Pilobolus makes me wonder:
Is that dancer being lifted by the neck, or is it just a clever illusion? Have I ever seen someone’s spine move like that? How strong am I?
The company, dating from 1971, mixes theatricality with Herculean strength and a surgeon’s precision to create spectacular moving images that soothe and startle. Their May 20th program at the Ordway Center for Performing Arts featured five short films interjected between five live performance pieces. Each film was thematically linked with stage piece that followed it.
First up was Welcome. The film, a panning shot of the dancers’ legs, feet, and faces, was a cheerful prelude to the body-puzzles yet to come.
By contrast, the live performance of On the Nature of Things evoked an ethereal, almost ominous mood. This duet-turned-trio, performed by two men and one woman–all of them near-nude–was danced on, around, under, and hanging from a narrow table no more than two feet long. The environment brought to my mind the story of Adam, Eve, and their departure from Eden.
Next were two animated films: The Deep, in which scrap metal materials were designed to create underwater scenarios, and Fresh Guacamole, a delightfully creative film that features the most imaginative guacamole recipe I’ve ever encountered. Monopoly-house-tomatoes and grenade-avocado probably aren’t edible, but they do nourish the imagination.
The whimsical feeling carried over into the second live performance of the evening, Wednesday Morning, 11:45, a “what if?” exploration through dance, shadow, and dark comedy. The piece was little crude, both in content and in execution. In it, a human voyeur notices two creatures that look like ostriches in a box. Ostrich passion ensues, the voyeur continues to watch, and the audience gets a chance to follow the action as it is acted out in silhouette. Eventually, things wrap up with a cringe-worthy breakfast sequence. Wednesday Morning, 11:45 is a technically and artistically risky piece, particularly because of the stage illusions that take place throughout. Unfortunately, the mechanics of these illusions were often poorly concealed.
Wind, perhaps the most poignant film of the evening, followed. Characters that could have populated a Roald Dahl storybook were at odds with a steady gust of wind as they journeyed through everyday, sometimes slapstick, situations. Wind was a beautifully composed, bittersweet look at effort, impact, and the human condition.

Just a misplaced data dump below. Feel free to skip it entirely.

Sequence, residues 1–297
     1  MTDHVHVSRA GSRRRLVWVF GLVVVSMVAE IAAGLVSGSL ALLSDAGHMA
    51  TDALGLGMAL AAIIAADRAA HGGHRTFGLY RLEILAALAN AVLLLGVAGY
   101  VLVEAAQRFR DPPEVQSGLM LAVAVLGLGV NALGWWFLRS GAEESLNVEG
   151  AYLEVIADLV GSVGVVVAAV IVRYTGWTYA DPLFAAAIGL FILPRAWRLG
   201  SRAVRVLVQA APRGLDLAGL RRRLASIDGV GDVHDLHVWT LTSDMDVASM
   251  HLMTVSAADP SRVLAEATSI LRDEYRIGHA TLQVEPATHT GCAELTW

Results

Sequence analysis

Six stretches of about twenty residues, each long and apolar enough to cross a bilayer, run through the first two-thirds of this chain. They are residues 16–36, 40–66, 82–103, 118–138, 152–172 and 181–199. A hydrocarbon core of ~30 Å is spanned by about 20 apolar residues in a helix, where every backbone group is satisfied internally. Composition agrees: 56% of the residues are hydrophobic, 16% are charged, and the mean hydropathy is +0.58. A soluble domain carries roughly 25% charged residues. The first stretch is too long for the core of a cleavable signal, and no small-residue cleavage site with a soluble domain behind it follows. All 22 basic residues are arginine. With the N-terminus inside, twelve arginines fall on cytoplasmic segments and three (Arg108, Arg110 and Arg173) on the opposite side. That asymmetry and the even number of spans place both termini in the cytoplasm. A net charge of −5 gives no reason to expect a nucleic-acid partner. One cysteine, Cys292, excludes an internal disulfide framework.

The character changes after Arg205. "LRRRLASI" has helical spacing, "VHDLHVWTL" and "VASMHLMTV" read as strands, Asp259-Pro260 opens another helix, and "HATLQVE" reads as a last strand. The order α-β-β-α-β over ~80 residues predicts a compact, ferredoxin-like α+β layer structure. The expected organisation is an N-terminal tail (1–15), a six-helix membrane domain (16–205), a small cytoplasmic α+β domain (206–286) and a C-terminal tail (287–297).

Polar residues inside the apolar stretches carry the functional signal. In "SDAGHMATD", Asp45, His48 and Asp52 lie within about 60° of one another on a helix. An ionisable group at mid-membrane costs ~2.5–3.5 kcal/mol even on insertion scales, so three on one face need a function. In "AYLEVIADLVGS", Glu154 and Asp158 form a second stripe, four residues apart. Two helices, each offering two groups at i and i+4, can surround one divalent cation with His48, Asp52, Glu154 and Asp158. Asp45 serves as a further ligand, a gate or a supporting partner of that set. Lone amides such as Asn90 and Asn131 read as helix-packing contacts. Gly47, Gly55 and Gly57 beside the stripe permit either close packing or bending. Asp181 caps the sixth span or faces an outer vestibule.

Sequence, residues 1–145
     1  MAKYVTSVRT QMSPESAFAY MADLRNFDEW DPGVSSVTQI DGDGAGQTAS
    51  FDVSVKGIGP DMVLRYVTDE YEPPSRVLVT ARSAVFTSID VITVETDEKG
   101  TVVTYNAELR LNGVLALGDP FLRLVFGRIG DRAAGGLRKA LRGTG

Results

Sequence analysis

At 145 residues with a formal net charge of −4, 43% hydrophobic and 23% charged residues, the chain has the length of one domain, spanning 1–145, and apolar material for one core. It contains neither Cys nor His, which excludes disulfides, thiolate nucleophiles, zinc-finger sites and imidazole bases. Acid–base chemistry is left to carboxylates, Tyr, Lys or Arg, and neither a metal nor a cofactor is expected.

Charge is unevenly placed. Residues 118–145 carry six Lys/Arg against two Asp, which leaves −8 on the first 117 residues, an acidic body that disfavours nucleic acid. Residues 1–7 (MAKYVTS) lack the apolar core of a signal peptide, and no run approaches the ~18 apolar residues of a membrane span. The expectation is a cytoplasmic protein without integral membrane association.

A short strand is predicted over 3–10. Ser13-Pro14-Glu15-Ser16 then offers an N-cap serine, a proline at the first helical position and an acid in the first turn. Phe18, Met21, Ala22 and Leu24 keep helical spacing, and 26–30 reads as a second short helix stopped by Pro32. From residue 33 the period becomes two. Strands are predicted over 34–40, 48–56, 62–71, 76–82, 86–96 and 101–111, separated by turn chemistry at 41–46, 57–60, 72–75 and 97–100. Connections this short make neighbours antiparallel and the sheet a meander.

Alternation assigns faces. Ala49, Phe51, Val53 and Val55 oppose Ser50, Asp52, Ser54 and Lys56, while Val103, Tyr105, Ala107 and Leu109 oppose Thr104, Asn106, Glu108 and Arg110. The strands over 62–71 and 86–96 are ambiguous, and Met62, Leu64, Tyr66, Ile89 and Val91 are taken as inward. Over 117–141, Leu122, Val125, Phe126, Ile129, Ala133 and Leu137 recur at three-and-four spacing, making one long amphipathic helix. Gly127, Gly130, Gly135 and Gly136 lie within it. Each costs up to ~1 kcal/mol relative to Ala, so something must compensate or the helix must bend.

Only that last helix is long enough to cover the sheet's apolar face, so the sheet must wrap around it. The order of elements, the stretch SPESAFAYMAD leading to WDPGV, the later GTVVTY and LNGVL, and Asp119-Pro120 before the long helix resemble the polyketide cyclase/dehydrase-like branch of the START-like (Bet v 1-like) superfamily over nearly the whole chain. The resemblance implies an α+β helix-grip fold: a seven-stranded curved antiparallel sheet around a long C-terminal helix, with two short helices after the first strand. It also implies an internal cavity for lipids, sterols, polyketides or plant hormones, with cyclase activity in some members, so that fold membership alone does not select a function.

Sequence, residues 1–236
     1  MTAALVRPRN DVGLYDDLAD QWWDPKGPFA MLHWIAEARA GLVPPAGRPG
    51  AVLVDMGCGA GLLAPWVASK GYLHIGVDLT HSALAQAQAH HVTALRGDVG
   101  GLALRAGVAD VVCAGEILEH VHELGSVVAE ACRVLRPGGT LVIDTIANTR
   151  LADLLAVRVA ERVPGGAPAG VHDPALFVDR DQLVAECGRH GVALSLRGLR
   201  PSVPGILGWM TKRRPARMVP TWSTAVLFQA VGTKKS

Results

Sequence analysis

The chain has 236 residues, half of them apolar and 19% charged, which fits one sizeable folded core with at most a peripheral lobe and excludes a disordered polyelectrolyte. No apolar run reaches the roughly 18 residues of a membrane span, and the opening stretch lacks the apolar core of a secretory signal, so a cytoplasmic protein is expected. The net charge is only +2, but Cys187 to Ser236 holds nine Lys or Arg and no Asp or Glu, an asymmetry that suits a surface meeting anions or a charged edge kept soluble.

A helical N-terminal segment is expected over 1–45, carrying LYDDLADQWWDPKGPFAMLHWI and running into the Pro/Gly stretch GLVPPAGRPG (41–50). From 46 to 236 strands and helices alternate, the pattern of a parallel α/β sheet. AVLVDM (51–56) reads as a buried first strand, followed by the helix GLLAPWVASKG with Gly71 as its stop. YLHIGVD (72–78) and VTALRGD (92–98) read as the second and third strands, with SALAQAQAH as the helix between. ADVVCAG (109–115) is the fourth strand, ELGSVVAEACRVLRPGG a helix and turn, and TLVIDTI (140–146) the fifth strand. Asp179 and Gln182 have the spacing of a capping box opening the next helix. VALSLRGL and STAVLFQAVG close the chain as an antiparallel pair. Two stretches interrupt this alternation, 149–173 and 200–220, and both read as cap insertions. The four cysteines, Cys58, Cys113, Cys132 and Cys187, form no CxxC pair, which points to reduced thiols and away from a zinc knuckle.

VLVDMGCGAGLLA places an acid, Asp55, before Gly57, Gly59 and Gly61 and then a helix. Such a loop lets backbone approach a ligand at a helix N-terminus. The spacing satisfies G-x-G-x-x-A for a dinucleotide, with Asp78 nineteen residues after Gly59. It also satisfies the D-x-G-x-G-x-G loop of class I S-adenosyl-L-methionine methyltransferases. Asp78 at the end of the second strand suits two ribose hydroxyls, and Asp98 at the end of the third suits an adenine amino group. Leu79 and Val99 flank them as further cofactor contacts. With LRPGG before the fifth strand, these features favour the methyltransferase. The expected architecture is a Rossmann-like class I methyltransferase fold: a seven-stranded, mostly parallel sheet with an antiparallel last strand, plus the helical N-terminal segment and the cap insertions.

The third performance – Thresh/Hold – was like a danced version of the films Matrix or Inception. Onstage was a door through which the dancers ran, crawled, dragged and tossed one another. The door was on wheels and often spun around to reveal a dancer hiding from the others or a pair of dancers engaged in what looked to be a secret meeting. Thresh/Hold was an exceptional exercise in building tension and establishing a feeling of urgency. Without context for that drama or a sense of the basis of the characters’ charged relationships, though, I found it challenging to emotionally invest.
The Inconsistent Pedaler opened Act Two. It was choreographed, but retained a feeling of spontaneity, as if the dancers were moving in the way that seemed most natural to them. The result was a theatrical snapshot of the joys and pains of life, set at a surreal birthday party. It would have been a perfect end to the evening. But, the program continued!
Fifth, and last in the series of films, was Explosions. This piece gave an up-close view of everyday foods and objects being destroyed in a manner an adolescent might imagine, try, and get in trouble for doing. It was aesthetically interesting to see the results. But I can only watch so many versions of that game before the exercise strikes me as wasteful and oblivious to the needs of so many global citizens. As it concluded, Explosions left a bad taste in my mouth.
That taste intensified during Megawatt, the programs’ final live performance.
If the WWE choreographed a piece, costumed it in partnership Hot Topic, and performed it as part of the Family Values Tour, Megawatt would be the result. Though nothing is inherently wrong with any of those elements, they do not seem to align with the artistic values that Pilobolus’ body of work seems to promote. A piece performed by Pilobolus work is sensual, sometimes a little campy, but the priority always seems to be on showing the wonder of the human body. Megawatt did not honor the body in this way. I was particularly surprised at the hyper-sexualization and violence woven into Megawatt, especially the male/female partnering sections. Though some of the movement (like the “inchworm” section at the piece’s opening) was captivating, much of the movement vocabulary (variations on the dive-roll, flips, and drops face first onto the floor) was impressive, but hard to watch the number of times it was used. Nonetheless, the performers gave committed and capable performances and I commend them for their athleticism and professionalism throughout Megawatt.
If Pilobolus had to keep Megawatt in rotation, I would move its spot in the program. But, if I had my druthers, they’d lose it completely. As it stood, the work was a jarring ending to an otherwise poetic evening.